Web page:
The NDP’s problem is that their coalition makes little sense, and their leader even less sense for their disparate coalition. Take Niagara, where the NDP have three of the four seats, and you’ll see why it’s odd. Niagara Falls is some working class voters but also some wealth, Niagara Centre is the old Welland, which anyone who has ever had the mispleasure of having a family member hospitalized at the Welland hospital knows is the poorer, working class part of town, and then right above it is Saint Catherines, which is a mix of Brock students and suburbs, with a health dose of retirees (my Grandparents amongst them for most of my life). These three seats all voted NDP last time, but the reasons why aren’t the same. What do the overwhelmingly socially progressive students at Brock have in common with the culturally conservative workers of Welland, other than the fact they voted for the same party last time? Not much at all, and that’s why the NDP are in trouble.
If you were to ask what the Ontario NDP is as a party, what’s the answer right now? Are they a party of the working class and of their union traditions? I mean, kind of, but they’ve been trying to shake that reputation in recent years, and have tried to not come off as beholden to the public sector unions. Are they a party for suburban lefties with strong opinions on issues like police reform and trans rights, which as valid as those issues are (and the fact I strongly agree with left wing positions on both) make the party toxic in places like Essex? Or is it trying to be both, and insodoing, being a party for nobody?
This is the political party that got the second vote I ever cast in any election, and it was a vote I cast proudly at the time. It’s not a vote I now regret, but it is one that has faded in my memory, especially as my disdain for Andrea Horwath has grown. I have no answer to the question of what it’s for or how it would govern, because despite being Her Majesty’s Opposition for the last 3 and a half years, the NDP has never shown themselves to be anything more than an unserious group of useless non-entities. I don’t know if any political party that is as ostensibly close to power has ever left its former voters as cold as this one, but damn if it ain’t close.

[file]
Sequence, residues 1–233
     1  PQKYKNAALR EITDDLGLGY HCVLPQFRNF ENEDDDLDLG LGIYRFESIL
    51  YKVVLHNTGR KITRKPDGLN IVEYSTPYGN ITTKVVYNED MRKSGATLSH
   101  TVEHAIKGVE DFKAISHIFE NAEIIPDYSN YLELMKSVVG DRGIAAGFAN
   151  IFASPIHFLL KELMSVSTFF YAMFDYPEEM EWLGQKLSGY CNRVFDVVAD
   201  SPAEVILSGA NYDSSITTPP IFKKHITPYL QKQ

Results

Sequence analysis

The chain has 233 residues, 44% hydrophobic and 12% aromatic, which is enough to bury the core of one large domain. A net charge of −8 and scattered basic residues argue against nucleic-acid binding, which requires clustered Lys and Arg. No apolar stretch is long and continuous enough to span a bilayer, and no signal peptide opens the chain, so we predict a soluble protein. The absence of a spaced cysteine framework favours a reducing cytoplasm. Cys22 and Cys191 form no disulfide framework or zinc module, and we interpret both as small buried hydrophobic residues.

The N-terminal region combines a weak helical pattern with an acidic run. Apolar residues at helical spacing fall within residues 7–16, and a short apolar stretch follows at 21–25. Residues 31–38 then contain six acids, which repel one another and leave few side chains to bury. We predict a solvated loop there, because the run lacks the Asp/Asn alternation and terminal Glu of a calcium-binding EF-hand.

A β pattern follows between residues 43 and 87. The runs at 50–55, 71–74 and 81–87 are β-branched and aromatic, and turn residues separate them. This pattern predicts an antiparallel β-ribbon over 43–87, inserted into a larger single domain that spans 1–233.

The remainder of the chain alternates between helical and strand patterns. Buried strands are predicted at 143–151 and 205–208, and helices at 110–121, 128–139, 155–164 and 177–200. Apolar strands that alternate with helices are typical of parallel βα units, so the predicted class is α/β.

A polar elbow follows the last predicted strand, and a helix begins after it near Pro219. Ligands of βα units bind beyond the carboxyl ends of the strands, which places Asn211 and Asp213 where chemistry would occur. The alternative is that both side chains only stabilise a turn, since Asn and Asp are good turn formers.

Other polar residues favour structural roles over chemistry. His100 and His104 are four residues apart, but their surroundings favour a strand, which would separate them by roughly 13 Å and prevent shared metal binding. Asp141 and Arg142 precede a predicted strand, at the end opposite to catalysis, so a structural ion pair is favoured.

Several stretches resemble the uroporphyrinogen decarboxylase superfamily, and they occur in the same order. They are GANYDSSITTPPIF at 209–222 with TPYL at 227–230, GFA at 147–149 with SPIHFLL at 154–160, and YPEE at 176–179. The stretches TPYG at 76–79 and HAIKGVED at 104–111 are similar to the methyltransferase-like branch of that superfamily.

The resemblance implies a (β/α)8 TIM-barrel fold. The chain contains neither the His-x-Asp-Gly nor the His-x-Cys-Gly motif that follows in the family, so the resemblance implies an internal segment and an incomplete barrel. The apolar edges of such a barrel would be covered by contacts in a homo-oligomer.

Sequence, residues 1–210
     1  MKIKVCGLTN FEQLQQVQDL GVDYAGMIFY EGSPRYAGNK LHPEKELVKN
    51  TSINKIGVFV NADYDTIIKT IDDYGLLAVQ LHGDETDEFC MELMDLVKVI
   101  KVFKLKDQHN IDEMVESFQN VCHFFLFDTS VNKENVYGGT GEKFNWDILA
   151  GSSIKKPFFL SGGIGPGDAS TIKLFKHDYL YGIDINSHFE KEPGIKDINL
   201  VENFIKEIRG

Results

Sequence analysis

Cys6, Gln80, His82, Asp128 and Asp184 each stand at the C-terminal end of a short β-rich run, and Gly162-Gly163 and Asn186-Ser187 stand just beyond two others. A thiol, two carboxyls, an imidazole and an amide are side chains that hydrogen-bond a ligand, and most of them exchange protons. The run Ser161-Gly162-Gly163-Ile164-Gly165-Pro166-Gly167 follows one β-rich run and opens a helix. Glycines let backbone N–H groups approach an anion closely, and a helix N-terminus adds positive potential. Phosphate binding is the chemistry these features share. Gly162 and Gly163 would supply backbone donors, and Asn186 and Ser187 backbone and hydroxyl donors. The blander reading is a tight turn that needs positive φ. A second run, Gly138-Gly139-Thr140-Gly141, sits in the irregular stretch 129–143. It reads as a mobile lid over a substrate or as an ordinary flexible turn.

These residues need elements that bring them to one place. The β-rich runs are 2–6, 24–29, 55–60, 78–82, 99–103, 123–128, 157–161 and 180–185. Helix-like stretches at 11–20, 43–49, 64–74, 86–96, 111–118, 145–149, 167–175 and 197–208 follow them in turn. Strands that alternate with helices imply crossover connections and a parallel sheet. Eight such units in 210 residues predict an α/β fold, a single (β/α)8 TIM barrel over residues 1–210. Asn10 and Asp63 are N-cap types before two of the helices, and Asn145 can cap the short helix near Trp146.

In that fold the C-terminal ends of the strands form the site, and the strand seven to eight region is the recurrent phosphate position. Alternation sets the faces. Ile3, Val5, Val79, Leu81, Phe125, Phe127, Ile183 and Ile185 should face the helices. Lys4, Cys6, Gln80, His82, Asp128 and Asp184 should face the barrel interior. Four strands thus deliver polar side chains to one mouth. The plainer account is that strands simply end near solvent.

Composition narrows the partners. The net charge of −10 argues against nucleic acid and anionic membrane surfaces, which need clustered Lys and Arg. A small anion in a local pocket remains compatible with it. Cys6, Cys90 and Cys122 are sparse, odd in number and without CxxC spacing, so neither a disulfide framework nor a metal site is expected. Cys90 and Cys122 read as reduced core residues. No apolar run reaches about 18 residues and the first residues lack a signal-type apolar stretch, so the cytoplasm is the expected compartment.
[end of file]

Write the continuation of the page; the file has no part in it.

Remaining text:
For an institution that has had the advantage for the last nearly four years, what does the NDP have to show for it? Where is their distinctive offer on housing or education or frankly fucking anything? Where is Andrea Horwath’s vision for what Ontario looks like after four years of an NDP government? At a more basic level, what the fuck is the point of the NDP?
I want a progressive government after this election, and I am thoroughly disgusted by the supposed progressive party, and because of it, I cannot repeat the vote that made me proud 4 years ago. Unless the Liberals collapse so spectacularly as to make the NDP the only viable option – basically, barring Del Duca becoming a Wynne-level disaster in the polls – I cannot vote for the NDP because of their own fatal flaws.
Until the NDP decides what they are and who they’re for, they’ll only become even remotely viable on the off times that the Liberals have been in office so long that the government is running on empty. They need to be a credible, serious, worthy opposition, a force for good in our politics. And right now, and at every point of the Ford government, they have been an unserious mess of incoherence and uselessness. And that’s why they’ve lost my vote, and why they won’t get it back.
The ONDP have spent their time in second place fucking around, and now they’re about to find out. Whether their uselessness will re-elect Ford is now the only question.